Telemetrics is a technology that involves the automatic measurement and transmission of data from remote sources. The process of measuring data at the source and transmitting it automatically is called telemetry . The two terms, telemetry and telemetrics , are often used interchangeably. In general, telemetrics works in the following way: Sensors at the source measure either electrical data (such as voltage or current) or physical data (such as temperature or pressure). These are converted to specific electrical voltages. A multiplexer combines the voltages, along with timing data, into a single data stream for transmission to the distant receiver. Upon reception, the data stream is separated into its original components and the data is displayed and processed according to user specifications.
In 1912, the first telemetrics application in Chicago used telephone lines to transmit operational data from a power plant to a central office. Because telemetry was originally used in projects like this, the first telemetry systems were called supervisory systems. In 1960, the interrogation-reply principle was developed, which allowed a more selective transmission of data upon request.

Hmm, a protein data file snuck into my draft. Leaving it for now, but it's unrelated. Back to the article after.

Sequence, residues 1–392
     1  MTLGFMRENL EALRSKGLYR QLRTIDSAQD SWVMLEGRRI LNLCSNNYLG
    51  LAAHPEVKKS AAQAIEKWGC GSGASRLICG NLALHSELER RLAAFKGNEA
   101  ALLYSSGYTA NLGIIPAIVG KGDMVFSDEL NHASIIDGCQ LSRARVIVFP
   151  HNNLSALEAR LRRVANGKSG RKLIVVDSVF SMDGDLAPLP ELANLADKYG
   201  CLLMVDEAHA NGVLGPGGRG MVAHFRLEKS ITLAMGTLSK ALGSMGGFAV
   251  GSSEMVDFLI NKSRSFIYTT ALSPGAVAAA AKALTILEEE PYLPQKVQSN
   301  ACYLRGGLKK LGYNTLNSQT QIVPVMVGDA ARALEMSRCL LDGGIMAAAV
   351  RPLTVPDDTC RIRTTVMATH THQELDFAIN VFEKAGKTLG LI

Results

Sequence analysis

Modern-day telemetrics frequently uses wireless communication. Telemetrics applications include measuring and transmitting data from space flights, meteorological events, wildlife tracking, camera control robotics, and oceanography studies. Videoconference ing and the Global Positioning System ( GPS ) are also considered to be telemetric technologies.